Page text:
Before the 1969 Stonewall Riots ushered in the contemporary gay liberation movement, overt representations of same-sex desire in American literature and the arts were few and far between. Even in the 1970s, when gay and lesbian cultures began to register on our national consciousness, such work was still quite rare.
In the 1980s and 90s, however, all that changed. The Queer Renaissance puts a name to the unprecedented outpouring of creative work by openly lesbian and gay novelists, poets, and playwrights in the past two decades. This volume is one of the first to analyze critically this cultural awakening and is one of the only books to consider the work of gay male and lesbian writers together. Most importantly, The Queer Renaissance is the first book to consider how this wave of creative activity has worked in tandem with a flourishing of radical queer politics.
The Queer Renaissance explores the work of such important figures as Audre Lorde, Edmund White, Randall Kenan, Gloria Anzalda, Tony Kushner, and Sarah Schulman to question the dichotomy between art and activism. In addition, The Queer Renaissance interrogates the ways queer theory deploys, intersects with, and contests contemporary theoretical movements such as cultural studies, feminist theory, African American theory, and Chicano/a theory.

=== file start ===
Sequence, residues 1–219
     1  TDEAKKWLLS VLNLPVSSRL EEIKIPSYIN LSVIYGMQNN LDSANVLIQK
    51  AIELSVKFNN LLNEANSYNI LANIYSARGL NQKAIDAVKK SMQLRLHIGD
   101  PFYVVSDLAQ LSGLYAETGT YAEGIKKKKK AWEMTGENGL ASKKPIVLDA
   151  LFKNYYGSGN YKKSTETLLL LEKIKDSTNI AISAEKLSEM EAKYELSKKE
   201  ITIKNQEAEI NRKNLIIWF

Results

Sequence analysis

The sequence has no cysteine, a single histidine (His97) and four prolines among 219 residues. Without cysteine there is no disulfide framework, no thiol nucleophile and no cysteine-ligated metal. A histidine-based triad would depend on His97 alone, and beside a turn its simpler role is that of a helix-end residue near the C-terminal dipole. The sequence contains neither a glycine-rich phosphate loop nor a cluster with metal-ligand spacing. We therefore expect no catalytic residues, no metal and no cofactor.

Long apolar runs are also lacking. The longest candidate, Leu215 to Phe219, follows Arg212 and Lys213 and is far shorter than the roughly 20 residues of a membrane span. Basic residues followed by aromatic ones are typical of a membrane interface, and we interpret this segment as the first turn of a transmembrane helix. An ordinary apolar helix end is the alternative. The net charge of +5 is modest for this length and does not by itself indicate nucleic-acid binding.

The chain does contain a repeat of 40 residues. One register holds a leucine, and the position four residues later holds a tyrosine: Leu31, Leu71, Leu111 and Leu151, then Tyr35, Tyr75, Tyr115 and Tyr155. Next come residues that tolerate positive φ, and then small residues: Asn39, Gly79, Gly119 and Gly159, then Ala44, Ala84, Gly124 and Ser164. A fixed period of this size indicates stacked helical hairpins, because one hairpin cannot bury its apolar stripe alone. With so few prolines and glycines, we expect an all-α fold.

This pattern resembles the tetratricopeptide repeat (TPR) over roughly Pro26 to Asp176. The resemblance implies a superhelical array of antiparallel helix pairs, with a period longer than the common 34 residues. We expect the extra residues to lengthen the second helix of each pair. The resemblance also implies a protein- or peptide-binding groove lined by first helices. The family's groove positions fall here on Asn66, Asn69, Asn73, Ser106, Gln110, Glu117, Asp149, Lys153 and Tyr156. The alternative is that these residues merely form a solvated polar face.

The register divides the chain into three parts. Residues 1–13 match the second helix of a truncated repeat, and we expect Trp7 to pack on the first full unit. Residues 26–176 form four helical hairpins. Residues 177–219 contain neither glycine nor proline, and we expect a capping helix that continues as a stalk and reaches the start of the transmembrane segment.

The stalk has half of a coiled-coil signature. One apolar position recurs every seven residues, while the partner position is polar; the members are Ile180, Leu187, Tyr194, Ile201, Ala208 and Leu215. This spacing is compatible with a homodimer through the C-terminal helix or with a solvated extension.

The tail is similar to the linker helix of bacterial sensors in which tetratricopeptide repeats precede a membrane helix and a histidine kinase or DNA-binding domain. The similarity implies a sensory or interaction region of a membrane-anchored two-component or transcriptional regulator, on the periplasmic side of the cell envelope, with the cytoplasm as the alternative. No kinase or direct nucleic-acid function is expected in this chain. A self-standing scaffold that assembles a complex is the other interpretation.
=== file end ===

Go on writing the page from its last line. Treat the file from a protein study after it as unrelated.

"Mose Brown has entered the hidden realm of West Indian childcare workers and produced a remarkable picture of urban life. This is fine grained, careful ethnography that reveals the taken for granted intimacies and politics of everyday experience." -Mitchell Duneier, author of "Sidewalk"